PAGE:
Not for the first time and certainly not for the last, our industry is coming up against a little trouble with terminology.
The flexible workspace sector is home to all manners of different types of workspace. Those ‘in the know’ understand the subtle differences between a coworking space and a shared office, or a serviced office and a managed office.
As the industry settles into the mainstream, the wider business community is catching on to the vast variety of flexible workspace available. Indeed what was once a niche industry has blossomed into a fast-paced and exciting sector alive with with multiple types of workspace, to suit an equally diverse array of clients (who are doing their best to keep up with the lingo).
And it’s working. The latest stats from the UK business centre market confirmed that the UK sector is now worth over £2 billion and is home to around 80,000 businesses. As for coworking, there are now over 780 coworking spaces in the US alone (2013 figures), which increased by 83% from 2012-2013, according to a report released early this year by NAIOP.
So what’s the problem?
As fast as the industry develops, buzzwords and catchy media-friendly phrases are peppering SEO strategies and advertising campaigns worldwide. While that’s a great way to attract attention and make sales, it comes with a very important caveat: what you speak and print must match what you sell.
Take coworking for instance.
Coworking evangelists probably sound like a broken record when they say: “It’s not just a shared office”. It might seem that way to the uninitiated, but as we know, it comes with so much more: an entrepreneurial vibe, a sense of community, a sharing of knowledge, a chance to learn from those around you. Oh, and good coffee.
Yet it seems a few workspace operators are jumping on the coworking bandwagon and using the buzzword to sell space that doesn’t quite fit the bill.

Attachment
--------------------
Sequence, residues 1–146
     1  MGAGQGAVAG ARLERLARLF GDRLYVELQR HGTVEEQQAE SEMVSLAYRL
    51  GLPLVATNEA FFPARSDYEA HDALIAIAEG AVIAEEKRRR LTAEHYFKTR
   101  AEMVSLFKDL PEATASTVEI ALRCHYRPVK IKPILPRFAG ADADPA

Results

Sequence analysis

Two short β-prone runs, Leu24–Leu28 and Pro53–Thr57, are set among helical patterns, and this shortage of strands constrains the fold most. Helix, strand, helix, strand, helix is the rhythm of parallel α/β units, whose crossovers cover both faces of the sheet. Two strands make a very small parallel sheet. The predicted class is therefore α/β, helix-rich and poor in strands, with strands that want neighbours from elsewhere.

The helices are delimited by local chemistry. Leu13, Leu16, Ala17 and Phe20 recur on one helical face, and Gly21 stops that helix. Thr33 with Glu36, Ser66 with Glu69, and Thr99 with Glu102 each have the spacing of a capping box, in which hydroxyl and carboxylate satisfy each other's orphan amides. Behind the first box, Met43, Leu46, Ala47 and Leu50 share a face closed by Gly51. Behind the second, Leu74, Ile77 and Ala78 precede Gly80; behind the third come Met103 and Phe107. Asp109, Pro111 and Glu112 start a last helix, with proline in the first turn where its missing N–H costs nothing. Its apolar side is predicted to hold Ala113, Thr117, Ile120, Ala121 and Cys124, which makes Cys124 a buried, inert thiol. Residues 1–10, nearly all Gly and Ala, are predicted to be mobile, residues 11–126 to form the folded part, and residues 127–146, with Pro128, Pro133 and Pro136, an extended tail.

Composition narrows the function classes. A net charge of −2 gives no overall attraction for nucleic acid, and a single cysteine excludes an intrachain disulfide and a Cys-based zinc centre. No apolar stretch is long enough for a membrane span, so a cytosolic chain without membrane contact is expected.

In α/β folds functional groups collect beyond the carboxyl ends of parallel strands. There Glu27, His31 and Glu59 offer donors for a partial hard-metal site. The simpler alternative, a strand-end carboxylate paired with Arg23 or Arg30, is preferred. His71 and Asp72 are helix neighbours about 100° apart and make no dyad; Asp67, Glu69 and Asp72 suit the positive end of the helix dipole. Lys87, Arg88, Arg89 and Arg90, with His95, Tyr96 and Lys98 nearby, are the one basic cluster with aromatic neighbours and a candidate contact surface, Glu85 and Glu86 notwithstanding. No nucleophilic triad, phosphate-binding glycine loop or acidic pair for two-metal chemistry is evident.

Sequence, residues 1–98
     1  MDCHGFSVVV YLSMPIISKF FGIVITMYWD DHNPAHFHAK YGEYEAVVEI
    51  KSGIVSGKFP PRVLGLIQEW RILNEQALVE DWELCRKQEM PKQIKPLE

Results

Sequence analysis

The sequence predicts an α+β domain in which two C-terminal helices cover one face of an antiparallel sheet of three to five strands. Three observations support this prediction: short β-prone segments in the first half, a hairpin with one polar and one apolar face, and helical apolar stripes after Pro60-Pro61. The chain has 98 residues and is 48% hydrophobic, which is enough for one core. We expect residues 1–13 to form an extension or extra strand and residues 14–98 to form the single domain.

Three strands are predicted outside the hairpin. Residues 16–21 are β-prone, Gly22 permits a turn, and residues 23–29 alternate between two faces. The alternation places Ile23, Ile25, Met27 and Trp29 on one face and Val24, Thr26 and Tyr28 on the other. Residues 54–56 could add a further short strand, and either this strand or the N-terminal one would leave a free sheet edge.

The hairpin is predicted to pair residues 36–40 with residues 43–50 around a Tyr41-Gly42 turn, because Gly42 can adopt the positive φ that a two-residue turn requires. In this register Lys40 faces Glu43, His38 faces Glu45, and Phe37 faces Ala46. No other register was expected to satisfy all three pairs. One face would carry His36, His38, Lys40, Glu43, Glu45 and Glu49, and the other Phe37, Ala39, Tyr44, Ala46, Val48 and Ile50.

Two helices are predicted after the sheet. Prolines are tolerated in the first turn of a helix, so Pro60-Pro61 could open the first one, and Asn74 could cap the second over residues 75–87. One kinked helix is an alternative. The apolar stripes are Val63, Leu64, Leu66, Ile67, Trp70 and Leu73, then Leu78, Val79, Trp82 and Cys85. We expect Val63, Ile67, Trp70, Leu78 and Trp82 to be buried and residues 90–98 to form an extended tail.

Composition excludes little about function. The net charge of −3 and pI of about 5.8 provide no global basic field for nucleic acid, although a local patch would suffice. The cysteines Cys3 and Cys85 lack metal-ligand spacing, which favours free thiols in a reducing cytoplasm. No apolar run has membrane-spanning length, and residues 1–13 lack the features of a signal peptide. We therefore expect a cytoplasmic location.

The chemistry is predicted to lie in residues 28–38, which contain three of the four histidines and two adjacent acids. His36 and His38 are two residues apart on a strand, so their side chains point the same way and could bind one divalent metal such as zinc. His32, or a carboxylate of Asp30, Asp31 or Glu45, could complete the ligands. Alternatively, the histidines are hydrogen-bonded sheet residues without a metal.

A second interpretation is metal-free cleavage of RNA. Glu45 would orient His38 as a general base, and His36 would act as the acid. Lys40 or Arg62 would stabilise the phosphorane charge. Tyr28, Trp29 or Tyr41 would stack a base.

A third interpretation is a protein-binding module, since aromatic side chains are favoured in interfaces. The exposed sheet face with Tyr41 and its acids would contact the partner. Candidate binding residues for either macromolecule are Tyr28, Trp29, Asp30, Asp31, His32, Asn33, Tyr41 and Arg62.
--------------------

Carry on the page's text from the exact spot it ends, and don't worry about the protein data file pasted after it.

Read the below post by Victoria Arnold, founder of DeskUnion, for a very fitting example.
Of course no-one is immune to the temptation to get a little over-zealous in their advertising campaigns, or to inject product keywords that are a little wide of the mark. The problem comes when clients leave the space feeling disappointed, or believing they’ve been mis-sold. In our age of social media and digital transparency, bad experiences spread like wildfire – leaving carefully built reputations at the mercy of others.
Cleaning up industry jargon is easier said than done, particularly in a sector that’s growing and expanding so fast. Perhaps what’s needed is greater sensitivity over terminology usage, and an acceptance that maybe, just maybe, the space in question really isn’t a coworking space, but a shared office after all. We’d love to know what you think.
Image source: Florence Morvan, Wikimedia Commons
The Danger of Mainstreaming ‘Coworking’
By Victoria Arnold, Founder and CEO of DeskUnion
Article originally appeared on LinkedIn Pulse 18th December 2014
Just this week I received a message from someone in the UK looking for coworking advice. They were excited to have found a locally listed coworking space after feeling isolated working from home. However, on going for a tour of the space they were greeted by this…
Quite possibly the most uninspiring workspace I’ve seen to date. The space described itself as, “vibrant”… erm am I missing something?!
But that’s the problem when terminology becomes mainstream. The effect being that people like the person aforementioned, are sold a vision and think that they’ve found the solution to their isolation woes. But after seeing the ‘merchandise’ in person, they lose faith in “coworking” and go back to what they’ve always known.
Yes mainstream is good, but it also dilutes the value proposition.
The irony is that if this “coworking” space invested in a lick of colourful paint, upcycled their furniture and curated a home-from-home environment then they might actually have a space to be proud of.
But simply, you can’t throw some desks into a cupboard and call it “coworking”… you’re asking people to part with money, leave the comfort of their homes and invest their time in travelling to your space. At least have the courtesy of making it worth the journey.
Common sense anyone?!
Luckily, in the case above the person was left so uninspired by their experience that they are looking to start their own space! Judging by the competition I think they could be onto a winner.